Social media is quickly becoming the most popular way to celebrate and send congratulations and this rise in popularity could spell the end of the greetings card industry.
According to a report by Associated Press, more people are now opting to send a message via Facebook to mark a birthday, celebrate a birth or congratulate on a new job.
Greetings cards are increasingly becoming something you send for a very special occasion with e-cards and social media messages covering all other occasions.
last week the largest greetings card maker in the US, Hallmark Cards Inc, announced that they will be closing a Kansas plant of their business.
The Kansas plant made one third of all the greetings cards sold by Hallmark and future consolidations of the company will see 300 people potentially loosing their jobs.
The senior Vice President of Hallmark, Pete Burney, told Associated Press that “competition in our industry is indeed formidable” and he added that “consumers do have more ways to connect digitally and online and through social media.”
Hallmark have estimated that the number of greetings cards being sold in the US has fallen from six billion to five billion cards sold each year.
People are still sending cards but it seems that these are now much fewer than before with many only choosing to send an actual paper card to only the closest of friends and family or only for very special occasions.
More and more people are now happy to show that they have remembered a special occasion by posting on a Facebook wall or by sending an email or text message.
A large number of people have opted to swap sending posted cards and enjoy sending e-cards that they have personalized for the person receiving the card.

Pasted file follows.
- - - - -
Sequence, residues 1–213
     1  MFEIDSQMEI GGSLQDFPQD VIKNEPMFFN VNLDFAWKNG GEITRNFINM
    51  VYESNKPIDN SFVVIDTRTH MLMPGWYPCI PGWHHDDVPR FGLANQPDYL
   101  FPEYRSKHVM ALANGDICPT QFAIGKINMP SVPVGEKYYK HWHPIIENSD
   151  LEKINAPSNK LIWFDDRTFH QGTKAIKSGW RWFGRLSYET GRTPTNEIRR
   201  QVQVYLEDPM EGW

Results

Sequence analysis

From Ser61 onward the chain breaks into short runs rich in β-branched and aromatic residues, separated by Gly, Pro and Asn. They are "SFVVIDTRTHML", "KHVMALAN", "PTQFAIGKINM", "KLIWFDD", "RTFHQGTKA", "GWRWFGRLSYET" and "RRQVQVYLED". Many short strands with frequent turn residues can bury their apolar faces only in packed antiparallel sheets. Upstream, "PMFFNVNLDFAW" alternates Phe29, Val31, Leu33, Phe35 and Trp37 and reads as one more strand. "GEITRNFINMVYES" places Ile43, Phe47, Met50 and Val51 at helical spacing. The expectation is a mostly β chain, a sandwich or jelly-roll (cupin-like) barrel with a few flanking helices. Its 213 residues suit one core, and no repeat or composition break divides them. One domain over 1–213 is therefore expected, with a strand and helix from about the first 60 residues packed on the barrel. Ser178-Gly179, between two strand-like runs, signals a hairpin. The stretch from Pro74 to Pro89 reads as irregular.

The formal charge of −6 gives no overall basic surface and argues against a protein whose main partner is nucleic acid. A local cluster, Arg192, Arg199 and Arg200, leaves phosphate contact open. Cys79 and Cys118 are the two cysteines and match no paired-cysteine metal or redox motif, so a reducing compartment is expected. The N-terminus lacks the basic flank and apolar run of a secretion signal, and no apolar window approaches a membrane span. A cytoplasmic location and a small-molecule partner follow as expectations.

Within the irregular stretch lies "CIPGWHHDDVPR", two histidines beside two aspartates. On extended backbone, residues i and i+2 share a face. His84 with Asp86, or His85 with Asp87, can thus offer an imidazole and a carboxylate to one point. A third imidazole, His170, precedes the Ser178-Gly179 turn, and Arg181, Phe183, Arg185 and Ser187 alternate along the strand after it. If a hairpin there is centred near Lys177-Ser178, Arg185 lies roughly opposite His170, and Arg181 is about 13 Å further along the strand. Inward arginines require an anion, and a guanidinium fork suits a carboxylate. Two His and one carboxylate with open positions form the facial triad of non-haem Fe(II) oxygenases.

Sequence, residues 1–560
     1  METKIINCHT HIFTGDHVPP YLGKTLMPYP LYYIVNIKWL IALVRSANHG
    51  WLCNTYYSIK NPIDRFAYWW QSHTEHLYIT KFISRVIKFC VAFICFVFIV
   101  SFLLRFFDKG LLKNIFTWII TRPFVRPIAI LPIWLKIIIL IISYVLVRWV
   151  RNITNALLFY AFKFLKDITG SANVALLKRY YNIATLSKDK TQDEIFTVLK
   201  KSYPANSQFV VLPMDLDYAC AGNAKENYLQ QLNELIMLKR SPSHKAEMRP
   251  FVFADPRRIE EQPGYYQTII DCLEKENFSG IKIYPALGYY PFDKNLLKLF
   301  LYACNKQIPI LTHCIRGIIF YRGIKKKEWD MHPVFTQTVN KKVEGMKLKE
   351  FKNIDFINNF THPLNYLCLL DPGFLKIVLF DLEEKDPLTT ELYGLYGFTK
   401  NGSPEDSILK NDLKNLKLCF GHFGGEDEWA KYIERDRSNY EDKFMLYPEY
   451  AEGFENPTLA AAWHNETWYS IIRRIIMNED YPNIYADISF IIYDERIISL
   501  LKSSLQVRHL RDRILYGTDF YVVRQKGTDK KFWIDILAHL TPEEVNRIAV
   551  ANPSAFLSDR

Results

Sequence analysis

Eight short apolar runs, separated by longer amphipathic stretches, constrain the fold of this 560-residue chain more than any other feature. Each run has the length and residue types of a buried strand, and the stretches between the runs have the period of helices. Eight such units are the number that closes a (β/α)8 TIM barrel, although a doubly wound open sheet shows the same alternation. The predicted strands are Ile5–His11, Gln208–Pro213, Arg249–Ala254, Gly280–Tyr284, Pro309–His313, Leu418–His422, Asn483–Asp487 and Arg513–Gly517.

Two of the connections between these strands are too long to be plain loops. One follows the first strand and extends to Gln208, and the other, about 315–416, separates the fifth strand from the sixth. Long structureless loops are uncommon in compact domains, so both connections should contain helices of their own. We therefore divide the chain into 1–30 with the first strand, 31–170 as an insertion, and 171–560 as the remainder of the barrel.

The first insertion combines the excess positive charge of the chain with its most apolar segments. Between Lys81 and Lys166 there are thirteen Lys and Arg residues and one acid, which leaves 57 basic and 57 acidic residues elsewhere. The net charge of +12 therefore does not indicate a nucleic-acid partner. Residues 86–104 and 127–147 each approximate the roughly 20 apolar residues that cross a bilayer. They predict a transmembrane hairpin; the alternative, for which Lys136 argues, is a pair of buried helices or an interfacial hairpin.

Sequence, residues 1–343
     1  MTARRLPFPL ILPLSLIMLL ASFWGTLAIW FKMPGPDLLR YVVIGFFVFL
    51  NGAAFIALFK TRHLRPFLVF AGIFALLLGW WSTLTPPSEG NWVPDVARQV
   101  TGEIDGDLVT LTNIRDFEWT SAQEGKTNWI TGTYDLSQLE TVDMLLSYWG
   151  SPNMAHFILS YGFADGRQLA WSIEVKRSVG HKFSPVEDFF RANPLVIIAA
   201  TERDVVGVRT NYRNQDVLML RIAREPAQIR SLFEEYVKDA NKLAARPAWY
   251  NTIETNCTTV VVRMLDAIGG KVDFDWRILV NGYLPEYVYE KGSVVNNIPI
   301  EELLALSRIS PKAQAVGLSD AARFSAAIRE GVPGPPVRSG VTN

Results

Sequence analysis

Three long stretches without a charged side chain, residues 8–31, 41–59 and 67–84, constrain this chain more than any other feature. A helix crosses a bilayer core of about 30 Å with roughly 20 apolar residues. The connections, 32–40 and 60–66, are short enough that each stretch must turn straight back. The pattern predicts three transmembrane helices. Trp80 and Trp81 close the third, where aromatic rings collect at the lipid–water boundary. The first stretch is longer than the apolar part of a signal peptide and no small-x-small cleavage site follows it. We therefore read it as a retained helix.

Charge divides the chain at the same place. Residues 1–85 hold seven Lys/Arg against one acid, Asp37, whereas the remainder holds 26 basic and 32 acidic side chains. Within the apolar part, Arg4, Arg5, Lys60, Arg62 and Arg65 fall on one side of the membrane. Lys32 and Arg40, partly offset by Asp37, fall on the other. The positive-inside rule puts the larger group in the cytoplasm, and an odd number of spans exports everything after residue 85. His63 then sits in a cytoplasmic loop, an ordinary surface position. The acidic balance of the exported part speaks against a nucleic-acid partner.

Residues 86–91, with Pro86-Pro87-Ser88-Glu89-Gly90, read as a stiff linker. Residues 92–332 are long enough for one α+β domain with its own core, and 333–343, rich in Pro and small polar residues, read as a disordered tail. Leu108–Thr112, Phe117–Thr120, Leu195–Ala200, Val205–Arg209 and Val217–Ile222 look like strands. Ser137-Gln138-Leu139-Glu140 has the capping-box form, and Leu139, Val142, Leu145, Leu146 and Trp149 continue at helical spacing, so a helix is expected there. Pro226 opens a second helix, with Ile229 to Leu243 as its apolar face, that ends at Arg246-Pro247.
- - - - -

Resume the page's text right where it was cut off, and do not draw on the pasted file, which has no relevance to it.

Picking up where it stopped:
And paper cards that are still being sent still often have a digital side to them with a growing number of card senders customising their own cards online with uploaded images and their own personal greetings.
The fall in traditional ways of communicating and the rise of the power of social media is not only reflected in the fall in the number of greetings cards sold around the world but also in the fall in the number of people using the postal service for personal correspondence.
According to a US Postal Service study the number of greetings cards sent between 2002 and 2010 fell by 24 percent with the number of invitations being sent by post dropping by 25 percent between 2008 and 2010 alone.
The survey found that the fall in the use of the postal service could be put down to “changing demographics and new technologies,” while younger people “both send and receive fewer pieces of correspondence mail because they tend to be early adopters of new and faster communication media.”
It is still great to get a letter or a card in the post but fewer and fewer people are coming to expect the cards on the doormat on their birthday morning and more are instead logging on to Facebook to see who has remembered their birthday or will be celebrating with them at an event.